Search on SLJ.com ....
Subscribe to SLJ
Follow This Blog: RSS feed
A Fuse #8 Production
Inside A Fuse #8 Production

Top 100 Picture Books #100: The Carrot Seed by Ruth Krauss, illustrated by Crockett Johnson

CarrotSeed 225x300 Top 100 Picture Books #100: The Carrot Seed by Ruth Krauss, illustrated by Crockett Johnson#100 The Carrot Seed by Ruth Krauss, illustrated by Crockett Johnson (1945)
(20 points)

Check your jaw at the door as I inform you that this book did not even crack the Top 100 the last time I conducted a picture book poll.  Consider a great wrong finally righted then.  Seen as everything from a religious lesson to a predecessor of the Do What You Feel generation, the book is essentially picture book haiku.  Not a word out of place.  Authors everywhere will understand then when I ask . . . do you know how HARD it is to do what Krauss did here?

Phil Nel describes the plot this way: “A little boy plants a carrot, everyone keeps saying ‘it won’t come up,’ but every day he keeps ‘sprinkling the ground with water.’ This story has been interpreted as being about faith, persistence, or simply ignoring the nay-sayers.  Maurice Sendak calls it a ‘perfect picture book’.”

This was Krauss’s second picture book but her first big hit.  In her 100 Best Books for Children Anita Silvey says that “When it was published, The Carrot Seed contained one of the shortest picture book texts, a mere 101 words.”  I have heard it performed as a very effective song by traveling performers, and certainly as a storytime title it works as well now as it did in 1945.

Philip Nel, a man I cannot help but mention in conjunction with Mr. Johnson due to the fact that his book Crockett Johnson and Ruth Krauss: How an Unlikely Couple Found Love, Dodged the FBI, and Transformed Children’s Literature is due out this September, wrote a piece called Children’s Literature + Music = Great Album Covers.  You can see that cover at the bottom of this piece.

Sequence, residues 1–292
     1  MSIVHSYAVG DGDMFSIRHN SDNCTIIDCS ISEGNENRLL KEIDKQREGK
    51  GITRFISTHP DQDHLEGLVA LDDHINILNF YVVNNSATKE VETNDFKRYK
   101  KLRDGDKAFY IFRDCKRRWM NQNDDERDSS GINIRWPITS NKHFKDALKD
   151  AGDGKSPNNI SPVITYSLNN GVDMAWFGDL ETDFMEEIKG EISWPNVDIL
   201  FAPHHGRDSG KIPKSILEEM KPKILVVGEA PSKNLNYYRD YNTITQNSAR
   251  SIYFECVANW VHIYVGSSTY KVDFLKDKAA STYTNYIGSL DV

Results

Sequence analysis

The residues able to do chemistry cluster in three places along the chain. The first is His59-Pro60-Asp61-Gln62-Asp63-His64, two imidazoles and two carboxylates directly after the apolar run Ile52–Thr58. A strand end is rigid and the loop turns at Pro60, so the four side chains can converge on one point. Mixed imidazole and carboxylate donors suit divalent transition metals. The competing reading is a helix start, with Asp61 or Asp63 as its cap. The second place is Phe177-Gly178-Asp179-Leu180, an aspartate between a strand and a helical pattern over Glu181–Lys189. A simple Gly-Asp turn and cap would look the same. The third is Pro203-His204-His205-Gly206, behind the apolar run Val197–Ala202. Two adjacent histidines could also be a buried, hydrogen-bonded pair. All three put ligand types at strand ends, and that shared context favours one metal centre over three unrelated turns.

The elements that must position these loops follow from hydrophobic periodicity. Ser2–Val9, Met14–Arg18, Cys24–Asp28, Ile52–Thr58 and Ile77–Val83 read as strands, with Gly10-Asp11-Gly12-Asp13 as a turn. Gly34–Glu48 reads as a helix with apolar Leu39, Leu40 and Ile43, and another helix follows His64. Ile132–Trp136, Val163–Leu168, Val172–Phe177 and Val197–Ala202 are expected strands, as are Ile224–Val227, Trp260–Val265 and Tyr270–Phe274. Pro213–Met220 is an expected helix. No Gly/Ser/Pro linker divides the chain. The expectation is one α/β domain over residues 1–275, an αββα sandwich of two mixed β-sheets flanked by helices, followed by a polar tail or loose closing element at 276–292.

• The site Crockett Johnson’s Books: Collaborations contains the best online information about the great man.  On the topic of this particular book it says, “Asked what books he would select for his ‘Western Canon for children,’ Chris Van Allsburg told HomeArts that, in addition to Harold and the Purple Crayon, he’d choose The Carrot Seed. Click here to read why. In his essay ‘Ruth Krauss and Me,’ Maurice Sendak praises ‘that perfect picture book, The Carrot Seed (Harper), the granddaddy of all picture books in America, a small revolution of a book that permanently transformed the face of children’s book publishing. The Carrot Seed, with not a word or a picture out of place, is dramatic, vivid, precise, concise in every detail. It springs fresh from the real world of children’.”  Also available in Spanish and as a song.

Might as well listen to it now if you like.

http://www.youtube.com/watch?v=RA6JUwMDq6Q&feature=embed

share save 171 16 Top 100 Picture Books #100: The Carrot Seed by Ruth Krauss, illustrated by Crockett Johnson
Elizabeth Bird About Elizabeth Bird

Elizabeth Bird is currently New York Public Library's Youth Materials Collections Specialist. She has served on Newbery, written for Horn Book, and has done other lovely little things that she'd love to tell you about but that she's sure you'd find more interesting to hear of in person. Her opinions are her own and do not reflect those of NYPL, SLJ, or any of the other acronyms you might be able to name. Follow her on Twitter: @fuseeight.

Comments

  1. My daughters’ preschool sings the song. The kids LOVE it. Especially when they get to chant, “Nyah, nyah, it won’t come up, nyah, nyah it won’t come up, your carrot won’t come up!”

    • Clay says:

      I remember this book from my childhood, but I seem to be the only one. No one in my family, including my parents have any recollection of it even though my mother was the one that taught me the chant. Glad to see it acknowledged.

  2. Cat says:

    This was my daughter’s favorite book when she was little. We checked it out of the library so many times and we eventually became good friends with the library staff because we were in there so much to get it. Now, ten or twelve years later, I am on my way to an MLIS and she wants to be a librarian and writer (like her mom). While I can’t give all of the credit to one book, it did make quite an impact and reminded us not to give up on ourselves or our dreams.